Earlier this month, I was fortunate to spend an afternoon at SDSU for a jazz guitar clinic given by Howard Paul, president and CEO of Benedetto Guitars. Howard gave an excellent presentation on the evolution of jazz guitar building practices, complete with demos of seven Benedetto models.

We first looked at the construction of flat top guitars, durable for treks across the country and steel strings for volume. Because the bridge and tailpiece are placed together on the top of the guitar, right in the middle, an incredible amount of bracing is required. The top of any acoustic guitar needs to be delicate enough to vibrate with the strings and project sound like a speaker cone. The tight steel strings of a flat top would rip that delicate top right off without extra bracing underneath it. Unfortunately, that extra bracing reduces the acoustic qualities of the guitar, so it couldn't be heard well in a jazz band setting.

Developments by Gibson and others in the early 1900s brought more traditional stringed instrument designs to the guitar. Like a violin or cello, the top was carved into an arch with f-holes next to the bridge instead of a single round hole under the strings. The tailpiece was attached to the side of the guitar, called a violin or trapeze tailpiece, to provide a downward force on the bridge. Thus, there was no more danger of ripping off the top, so that extra bracing was no longer necessary, which allowed the top to resonate more freely.

Ideally, no holes were drilled anywhere in the top. The tailpiece was attached to the side. The pickguard was attached to the neck, supported by an additional attachment to the side if necessary. When pickups came to prominence in the 30s, they were attached to the pickguard or neck. The volume knob was accessible on the pickguard, and the output jack on the side. In fact, nothing even touched the top of the guitar except the bridge, which was essential in transferring the strings' vibrations to the top.

Built-in pickups were also developed as an alternative to the floating pickup. This required a change in the bracing, which traditionally runs in a big "X" underneath the top. Cutting a big hole or two in the top for pickups requires parallel bracing, running along the sides of the pickups, parallel to the strings. Installing pickups allows for more tonal flexibility while maintaining most, but not the optimum, acoustic qualities. So, with occasional exceptions, a built-in pickup means parallel bracing, and floating or no pickup means x-bracing.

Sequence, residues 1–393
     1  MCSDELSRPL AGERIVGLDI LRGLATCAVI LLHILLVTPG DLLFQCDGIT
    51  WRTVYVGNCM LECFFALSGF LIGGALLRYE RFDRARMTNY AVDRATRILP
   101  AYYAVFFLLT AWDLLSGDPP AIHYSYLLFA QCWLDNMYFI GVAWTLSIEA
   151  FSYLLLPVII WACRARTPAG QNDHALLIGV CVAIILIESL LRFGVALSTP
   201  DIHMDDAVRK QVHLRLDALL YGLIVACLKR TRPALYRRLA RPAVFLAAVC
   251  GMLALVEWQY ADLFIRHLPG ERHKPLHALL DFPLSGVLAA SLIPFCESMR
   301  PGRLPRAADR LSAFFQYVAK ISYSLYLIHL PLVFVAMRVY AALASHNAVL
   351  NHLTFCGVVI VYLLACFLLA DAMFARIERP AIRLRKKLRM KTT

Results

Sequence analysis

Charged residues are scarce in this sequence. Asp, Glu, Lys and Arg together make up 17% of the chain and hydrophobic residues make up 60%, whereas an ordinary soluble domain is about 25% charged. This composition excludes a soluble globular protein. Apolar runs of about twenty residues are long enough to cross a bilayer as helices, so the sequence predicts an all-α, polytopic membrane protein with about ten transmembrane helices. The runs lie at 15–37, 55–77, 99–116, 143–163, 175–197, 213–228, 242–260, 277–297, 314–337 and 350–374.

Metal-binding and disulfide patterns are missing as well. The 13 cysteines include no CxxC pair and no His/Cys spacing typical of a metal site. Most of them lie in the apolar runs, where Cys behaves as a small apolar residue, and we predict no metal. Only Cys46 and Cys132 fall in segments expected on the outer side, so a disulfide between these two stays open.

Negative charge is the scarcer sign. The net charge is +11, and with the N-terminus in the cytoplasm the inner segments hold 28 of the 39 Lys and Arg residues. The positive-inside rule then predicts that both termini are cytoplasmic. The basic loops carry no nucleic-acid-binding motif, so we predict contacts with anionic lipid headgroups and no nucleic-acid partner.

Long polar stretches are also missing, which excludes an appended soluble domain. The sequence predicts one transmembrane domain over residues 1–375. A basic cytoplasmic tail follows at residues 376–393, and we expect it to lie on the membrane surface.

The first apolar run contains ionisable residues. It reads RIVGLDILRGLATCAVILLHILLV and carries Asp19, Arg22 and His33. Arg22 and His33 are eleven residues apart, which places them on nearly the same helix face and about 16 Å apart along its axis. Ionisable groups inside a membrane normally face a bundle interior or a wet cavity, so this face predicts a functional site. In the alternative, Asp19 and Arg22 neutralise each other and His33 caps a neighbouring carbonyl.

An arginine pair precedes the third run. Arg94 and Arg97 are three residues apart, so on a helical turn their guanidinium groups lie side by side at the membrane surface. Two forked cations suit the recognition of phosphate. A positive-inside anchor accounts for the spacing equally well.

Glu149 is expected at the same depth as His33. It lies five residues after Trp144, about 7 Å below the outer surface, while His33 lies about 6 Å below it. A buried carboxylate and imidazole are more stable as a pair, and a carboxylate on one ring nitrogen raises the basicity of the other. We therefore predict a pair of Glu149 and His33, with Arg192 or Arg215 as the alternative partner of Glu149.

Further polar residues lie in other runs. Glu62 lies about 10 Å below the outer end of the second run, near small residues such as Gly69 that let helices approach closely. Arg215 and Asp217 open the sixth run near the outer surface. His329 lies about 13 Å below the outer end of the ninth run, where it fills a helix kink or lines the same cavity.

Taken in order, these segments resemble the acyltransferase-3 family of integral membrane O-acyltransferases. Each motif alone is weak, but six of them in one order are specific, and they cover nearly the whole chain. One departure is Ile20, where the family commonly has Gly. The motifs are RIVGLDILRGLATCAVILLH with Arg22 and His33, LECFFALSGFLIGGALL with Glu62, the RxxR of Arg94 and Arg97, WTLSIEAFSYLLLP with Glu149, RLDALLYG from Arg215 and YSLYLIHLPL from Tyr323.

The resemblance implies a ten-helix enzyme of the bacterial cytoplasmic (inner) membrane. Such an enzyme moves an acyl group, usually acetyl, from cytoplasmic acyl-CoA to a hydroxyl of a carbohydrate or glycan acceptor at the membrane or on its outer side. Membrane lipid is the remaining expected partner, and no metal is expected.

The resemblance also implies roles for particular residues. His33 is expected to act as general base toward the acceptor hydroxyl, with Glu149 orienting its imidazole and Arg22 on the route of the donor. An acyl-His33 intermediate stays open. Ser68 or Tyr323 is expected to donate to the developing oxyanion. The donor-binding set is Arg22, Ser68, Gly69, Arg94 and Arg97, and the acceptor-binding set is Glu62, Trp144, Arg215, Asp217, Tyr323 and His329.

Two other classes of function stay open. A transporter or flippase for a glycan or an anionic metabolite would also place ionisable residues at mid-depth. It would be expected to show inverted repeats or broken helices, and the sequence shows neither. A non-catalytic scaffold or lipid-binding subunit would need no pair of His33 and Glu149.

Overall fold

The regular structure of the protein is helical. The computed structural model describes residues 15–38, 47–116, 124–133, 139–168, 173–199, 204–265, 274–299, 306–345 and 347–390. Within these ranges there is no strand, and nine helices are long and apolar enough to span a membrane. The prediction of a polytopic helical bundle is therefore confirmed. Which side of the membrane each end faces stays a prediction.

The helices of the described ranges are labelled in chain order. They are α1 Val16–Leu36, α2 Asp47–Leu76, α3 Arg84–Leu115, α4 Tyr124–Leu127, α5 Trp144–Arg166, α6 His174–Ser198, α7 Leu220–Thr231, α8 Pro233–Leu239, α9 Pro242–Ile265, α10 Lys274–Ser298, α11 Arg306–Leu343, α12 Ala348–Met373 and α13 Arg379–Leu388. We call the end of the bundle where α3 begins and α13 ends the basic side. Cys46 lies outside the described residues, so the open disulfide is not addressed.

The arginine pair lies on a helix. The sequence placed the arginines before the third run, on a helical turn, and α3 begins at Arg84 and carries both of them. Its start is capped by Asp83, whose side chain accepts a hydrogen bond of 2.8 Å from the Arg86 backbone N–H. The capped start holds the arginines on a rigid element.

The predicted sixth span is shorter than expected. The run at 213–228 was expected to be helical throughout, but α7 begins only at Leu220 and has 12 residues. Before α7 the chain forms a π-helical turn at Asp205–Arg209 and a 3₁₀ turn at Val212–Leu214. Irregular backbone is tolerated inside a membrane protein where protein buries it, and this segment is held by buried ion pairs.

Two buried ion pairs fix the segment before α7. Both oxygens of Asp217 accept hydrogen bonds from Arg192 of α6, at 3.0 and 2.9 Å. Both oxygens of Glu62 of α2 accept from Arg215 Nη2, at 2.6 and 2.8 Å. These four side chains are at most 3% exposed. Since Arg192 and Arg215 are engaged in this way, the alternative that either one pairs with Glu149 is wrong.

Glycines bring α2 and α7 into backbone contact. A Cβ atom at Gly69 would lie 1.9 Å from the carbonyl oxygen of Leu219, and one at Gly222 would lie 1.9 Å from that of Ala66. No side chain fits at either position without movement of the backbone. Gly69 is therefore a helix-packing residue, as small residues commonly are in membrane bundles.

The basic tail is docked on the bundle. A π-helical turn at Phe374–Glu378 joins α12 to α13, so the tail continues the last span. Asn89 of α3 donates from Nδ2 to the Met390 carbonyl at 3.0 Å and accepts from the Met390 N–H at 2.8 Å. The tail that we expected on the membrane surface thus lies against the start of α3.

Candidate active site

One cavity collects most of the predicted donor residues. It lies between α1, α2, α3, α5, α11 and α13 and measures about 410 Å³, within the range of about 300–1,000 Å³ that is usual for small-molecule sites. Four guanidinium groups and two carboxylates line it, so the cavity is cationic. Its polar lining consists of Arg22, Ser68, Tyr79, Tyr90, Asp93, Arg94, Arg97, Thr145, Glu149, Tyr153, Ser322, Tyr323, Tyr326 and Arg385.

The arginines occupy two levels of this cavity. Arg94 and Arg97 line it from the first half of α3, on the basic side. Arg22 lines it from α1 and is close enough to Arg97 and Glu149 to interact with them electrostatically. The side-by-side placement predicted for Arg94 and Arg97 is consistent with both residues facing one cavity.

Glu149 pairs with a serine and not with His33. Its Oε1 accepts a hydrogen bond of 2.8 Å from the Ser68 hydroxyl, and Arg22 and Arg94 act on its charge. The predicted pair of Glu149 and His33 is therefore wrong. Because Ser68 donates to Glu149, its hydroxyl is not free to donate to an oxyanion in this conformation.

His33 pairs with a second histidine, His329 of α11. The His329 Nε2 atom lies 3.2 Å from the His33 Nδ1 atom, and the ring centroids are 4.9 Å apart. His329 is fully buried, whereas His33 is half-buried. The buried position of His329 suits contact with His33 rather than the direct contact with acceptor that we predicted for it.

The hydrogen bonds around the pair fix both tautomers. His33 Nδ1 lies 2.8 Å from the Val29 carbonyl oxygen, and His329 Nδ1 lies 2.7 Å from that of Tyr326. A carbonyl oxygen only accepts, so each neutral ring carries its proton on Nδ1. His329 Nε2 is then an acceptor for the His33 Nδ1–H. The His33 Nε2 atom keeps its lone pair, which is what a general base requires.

Of course, with pickups and amplification comes feedback, especially with hollow, highly resonant bodies. This leads us to solid bodies, Telecasters, Les Pauls, Stratocasters, and away from traditional jazz guitar.

The finest woods used in jazz guitars come from Europe, specifically spruce and maple. According to Howard, they generally grow on hillsides in harsh environments, leading to tight, stable growth rings. Spruce happens to be optimal for the resonant top, and maple for the reflecting back and sides.

Tops are traditionally hand-carved from two adjacent pie-slices of European spruce, glued together down the center of the resulting guitar. This takes many man-hours and wastes most of the wood purchased for the process. A more cost-effective means of constructing the top comes from laminated sheets of wood, cut from tree trunks in thin spirals. Different wood types can be laminated together, with perpendicular grain directions for stability, in a variety of thicknesses. They are then machine-pressed into the proper shape for a given guitar top. The laminated method results in less expensive guitars, less feedback, but less acoustic quality. The ultimate in jazz guitar construction remains the hand-carved top.

Howard summarized his presentation with a continuum of jazz guitar designs, ranging from the traditional ideal to the more modern sounds of fusion and pop.

On the traditional end:

  • expensive
  • designed for acoustic qualities
  • hand-carved top
  • all European woods, usually spruce and maple
  • x-bracing
  • floating or no pickup
  • floating bridge
  • trapeze tailpiece
  • no holes besides f-holes in the top, nothing touching except bridge
  • 17" wide, measured at the widest point of the lower bout

On the modern end:

  • inexpensive
  • laminated top
  • 2 pickups, built-in
  • parallel bracing or a center block (semi-hollow)
  • sometimes no sound holes
  • Tune-o-matic bridge
  • stoptail bridge
  • smaller body

Of course, jazz guitars can fall anywhere on this spectrum, combining features from both ends. My own Epiphone Sheraton II falls squarely on the cheap side, but I still love the sound I get from it. And I love having money to buy food.

For the ultimate detail in jazz guitar construction, see the definitive book on the subject, written by Robert Benedetto himself, Making an Archtop Guitar.